New MCC Canada Executive Director
Mennonite Central Committee
WINNIPEG, Man. -- MCC Canada's new executive director describes his past year on deferred salary leave as "a year of re-creation not recreation." It was an essential year to prepare him for whatever was to come.
As principal of Mennonite Brethren Collegiate Institute in Winnipeg for six years, Donald Peters had planned to take a year off before moving on to his next assignment. By deferring a portion of his salary each year, he was able to accumulate enough for an entire year off which was spent in extensive travel, accumulated job-jar projects, reading and spending time with family.
Even before the deferred-salary year had begun, Peters was approached by several people who urged him to consider applying for the position of executive director of MCC Canada. The executive director at the time had made known his intentions of moving on to another job.
There has been a relationship between MCC and Peters since 1988 when he and wife Elaine directed MCC programs in Brazil for five years. Returning to MCC appealed to him because he remembered it as a place where he "worked with good people in the direction of legitimate causes."
Peters began his role as MCC Canada executive director September 1. He sees MCC as a multi-faceted, dynamic organization and within it, MCC Canada plays an important part.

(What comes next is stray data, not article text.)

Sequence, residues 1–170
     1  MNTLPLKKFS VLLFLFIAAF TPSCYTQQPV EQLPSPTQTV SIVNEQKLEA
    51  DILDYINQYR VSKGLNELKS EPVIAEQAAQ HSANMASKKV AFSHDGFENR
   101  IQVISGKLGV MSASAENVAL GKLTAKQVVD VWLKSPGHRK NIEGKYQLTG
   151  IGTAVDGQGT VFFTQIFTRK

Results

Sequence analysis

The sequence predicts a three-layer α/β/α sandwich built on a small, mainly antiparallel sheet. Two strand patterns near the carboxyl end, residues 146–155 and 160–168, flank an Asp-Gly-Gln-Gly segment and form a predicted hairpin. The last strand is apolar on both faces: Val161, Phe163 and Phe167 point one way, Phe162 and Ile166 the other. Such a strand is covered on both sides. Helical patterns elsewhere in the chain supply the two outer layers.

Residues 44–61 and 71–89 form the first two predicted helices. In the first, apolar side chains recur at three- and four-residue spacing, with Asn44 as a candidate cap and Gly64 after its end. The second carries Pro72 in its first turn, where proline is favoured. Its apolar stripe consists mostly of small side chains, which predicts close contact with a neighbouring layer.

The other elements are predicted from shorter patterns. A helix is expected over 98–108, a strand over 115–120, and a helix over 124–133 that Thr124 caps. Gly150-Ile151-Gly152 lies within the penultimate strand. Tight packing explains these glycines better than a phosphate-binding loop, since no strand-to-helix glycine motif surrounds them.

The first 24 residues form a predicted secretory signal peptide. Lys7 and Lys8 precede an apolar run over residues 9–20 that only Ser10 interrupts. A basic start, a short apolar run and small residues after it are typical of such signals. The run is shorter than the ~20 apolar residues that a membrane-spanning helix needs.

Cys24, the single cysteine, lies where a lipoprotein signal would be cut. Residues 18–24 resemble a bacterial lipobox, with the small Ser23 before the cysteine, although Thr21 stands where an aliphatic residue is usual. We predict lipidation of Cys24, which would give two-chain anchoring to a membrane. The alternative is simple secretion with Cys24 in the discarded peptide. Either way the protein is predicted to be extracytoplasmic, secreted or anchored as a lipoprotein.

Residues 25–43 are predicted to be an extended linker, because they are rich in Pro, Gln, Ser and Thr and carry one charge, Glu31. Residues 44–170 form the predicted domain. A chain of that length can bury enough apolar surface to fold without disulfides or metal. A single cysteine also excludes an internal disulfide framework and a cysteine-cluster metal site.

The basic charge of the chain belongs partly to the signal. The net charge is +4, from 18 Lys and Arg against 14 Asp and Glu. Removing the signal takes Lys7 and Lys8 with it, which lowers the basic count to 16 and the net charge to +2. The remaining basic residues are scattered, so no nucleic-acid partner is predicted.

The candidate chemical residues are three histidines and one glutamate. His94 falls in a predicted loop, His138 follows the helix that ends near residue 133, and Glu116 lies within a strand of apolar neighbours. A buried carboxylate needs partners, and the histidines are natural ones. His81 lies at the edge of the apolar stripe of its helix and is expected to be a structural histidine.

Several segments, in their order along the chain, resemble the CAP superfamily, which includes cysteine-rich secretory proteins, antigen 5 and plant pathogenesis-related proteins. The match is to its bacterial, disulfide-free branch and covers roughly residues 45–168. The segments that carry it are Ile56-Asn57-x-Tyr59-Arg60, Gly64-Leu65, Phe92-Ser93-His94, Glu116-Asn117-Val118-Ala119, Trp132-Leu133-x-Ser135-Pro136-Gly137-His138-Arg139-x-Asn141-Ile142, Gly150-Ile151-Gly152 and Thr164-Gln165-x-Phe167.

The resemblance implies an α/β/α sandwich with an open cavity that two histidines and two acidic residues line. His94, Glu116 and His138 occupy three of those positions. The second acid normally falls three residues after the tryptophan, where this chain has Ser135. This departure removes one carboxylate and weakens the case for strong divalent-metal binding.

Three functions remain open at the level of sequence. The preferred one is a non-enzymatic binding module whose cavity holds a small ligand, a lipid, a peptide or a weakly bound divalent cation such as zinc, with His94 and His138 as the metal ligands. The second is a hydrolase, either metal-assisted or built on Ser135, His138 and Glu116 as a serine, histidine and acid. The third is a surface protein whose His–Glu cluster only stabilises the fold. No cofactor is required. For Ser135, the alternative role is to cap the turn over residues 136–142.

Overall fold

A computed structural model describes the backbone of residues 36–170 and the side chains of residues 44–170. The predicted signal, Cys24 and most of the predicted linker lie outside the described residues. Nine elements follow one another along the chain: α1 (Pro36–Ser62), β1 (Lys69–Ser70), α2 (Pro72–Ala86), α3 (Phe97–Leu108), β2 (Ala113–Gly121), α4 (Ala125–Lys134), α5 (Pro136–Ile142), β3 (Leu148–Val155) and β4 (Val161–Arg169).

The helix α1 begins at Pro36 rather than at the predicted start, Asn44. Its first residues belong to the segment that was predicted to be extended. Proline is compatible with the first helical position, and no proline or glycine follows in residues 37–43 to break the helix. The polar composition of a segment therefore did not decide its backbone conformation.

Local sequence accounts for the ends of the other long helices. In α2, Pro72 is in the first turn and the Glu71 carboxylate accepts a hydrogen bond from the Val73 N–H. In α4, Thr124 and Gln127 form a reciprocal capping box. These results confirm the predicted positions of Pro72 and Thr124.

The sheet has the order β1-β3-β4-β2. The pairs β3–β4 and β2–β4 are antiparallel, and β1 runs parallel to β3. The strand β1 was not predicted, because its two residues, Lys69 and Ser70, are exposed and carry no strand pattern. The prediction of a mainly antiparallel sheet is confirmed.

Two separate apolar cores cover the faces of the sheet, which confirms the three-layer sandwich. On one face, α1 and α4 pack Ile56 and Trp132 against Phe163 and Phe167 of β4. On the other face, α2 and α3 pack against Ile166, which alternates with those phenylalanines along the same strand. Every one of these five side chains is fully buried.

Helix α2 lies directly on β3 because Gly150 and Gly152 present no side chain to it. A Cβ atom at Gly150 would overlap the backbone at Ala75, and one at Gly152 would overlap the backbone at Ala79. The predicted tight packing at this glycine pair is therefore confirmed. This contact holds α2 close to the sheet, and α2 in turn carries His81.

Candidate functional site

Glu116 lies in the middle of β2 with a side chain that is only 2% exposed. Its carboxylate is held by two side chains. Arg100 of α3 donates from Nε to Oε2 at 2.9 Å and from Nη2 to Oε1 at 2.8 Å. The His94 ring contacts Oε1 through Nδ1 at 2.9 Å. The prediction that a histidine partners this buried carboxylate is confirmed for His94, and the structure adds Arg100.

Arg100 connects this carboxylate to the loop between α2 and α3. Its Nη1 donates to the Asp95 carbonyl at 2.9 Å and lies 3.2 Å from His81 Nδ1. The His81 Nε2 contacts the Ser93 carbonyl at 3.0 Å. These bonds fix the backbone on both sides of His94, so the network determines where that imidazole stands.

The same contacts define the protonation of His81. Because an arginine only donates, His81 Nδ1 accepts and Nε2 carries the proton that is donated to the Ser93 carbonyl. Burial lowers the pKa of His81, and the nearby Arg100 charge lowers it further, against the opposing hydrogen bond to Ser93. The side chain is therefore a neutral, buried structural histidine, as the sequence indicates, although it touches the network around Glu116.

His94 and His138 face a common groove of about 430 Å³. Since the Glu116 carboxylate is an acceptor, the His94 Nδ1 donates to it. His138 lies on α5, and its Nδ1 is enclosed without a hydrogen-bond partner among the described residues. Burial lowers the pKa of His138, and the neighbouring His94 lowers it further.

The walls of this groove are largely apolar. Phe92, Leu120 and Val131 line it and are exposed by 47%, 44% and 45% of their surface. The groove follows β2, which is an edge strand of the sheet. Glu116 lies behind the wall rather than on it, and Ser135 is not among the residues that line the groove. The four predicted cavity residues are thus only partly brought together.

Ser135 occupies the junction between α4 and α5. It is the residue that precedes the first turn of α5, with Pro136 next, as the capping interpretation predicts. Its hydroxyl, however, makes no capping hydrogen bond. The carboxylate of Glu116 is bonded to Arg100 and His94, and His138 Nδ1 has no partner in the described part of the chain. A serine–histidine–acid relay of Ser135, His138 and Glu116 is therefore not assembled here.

"MCC Canada plays a critical role as a networking center as it provides direction, resources and a common MCC vision.
"Each member in the MCC family --the provinces, national and bi-national-- plays a critical role. MCC Canada is positioned to assume an essential relational role." He is encouraged by the positive spirit of co-operation that exists between the various levels of the organization.
By interpreting the vision of MCC to the wider constituency Peters hopes to create a national identity for MCC. This mandate was put to the test following the September 11 calamity when constituents and the non-church media wanted to know; "what is the position of MCC?"
"I am pleased that within our response we are not only expressing our horror to the devastation in New York and Washington, but also we are expressing our horror at the plight of the Afghani people."
There is strong evidence to suggest that the Canadian public has a desire to know where MCC stands. "This is humbling, gratifying and scarey, a position we must never take lightly. There is a great deal of respect for MCC and this responsibility is worthy of guarding."
For more information, or to contact Mennonite Central Committee, see their website at: www.mcc.org
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